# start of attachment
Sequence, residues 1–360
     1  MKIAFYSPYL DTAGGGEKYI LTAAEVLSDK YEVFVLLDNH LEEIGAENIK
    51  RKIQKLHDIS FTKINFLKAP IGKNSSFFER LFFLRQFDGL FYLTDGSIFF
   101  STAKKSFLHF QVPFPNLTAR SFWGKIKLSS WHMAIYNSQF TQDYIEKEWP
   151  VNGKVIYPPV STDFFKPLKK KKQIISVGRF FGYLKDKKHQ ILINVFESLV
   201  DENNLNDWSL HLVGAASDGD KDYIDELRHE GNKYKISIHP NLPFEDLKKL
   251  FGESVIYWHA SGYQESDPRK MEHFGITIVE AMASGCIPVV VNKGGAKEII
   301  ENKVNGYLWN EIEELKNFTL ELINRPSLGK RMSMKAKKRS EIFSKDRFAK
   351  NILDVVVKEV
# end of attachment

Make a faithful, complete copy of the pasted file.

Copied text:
Sequence, residues 1–360
     1  MKIAFYSPYL DTAGGGEKYI LTAAEVLSDK YEVFVLLDNH LEEIGAENIK
    51  RKIQKLHDIS FTKINFLKAP IGKNSSFFER LFFLRQFDGL FYLTDGSIFF
   101  STAKKSFLHF QVPFPNLTAR SFWGKIKLSS WHMAIYNSQF TQDYIEKEWP
   151  VNGKVIYPPV STDFFKPLKK KKQIISVGRF FGYLKDKKHQ ILINVFESLV
   201  DENNLNDWSL HLVGAASDGD KDYIDELRHE GNKYKISIHP NLPFEDLKKL
   251  FGESVIYWHA SGYQESDPRK MEHFGITIVE AMASGCIPVV VNKGGAKEII
   301  ENKVNGYLWN EIEELKNFTL ELINRPSLGK RMSMKAKKRS EIFSKDRFAK
   351  NILDVVVKEV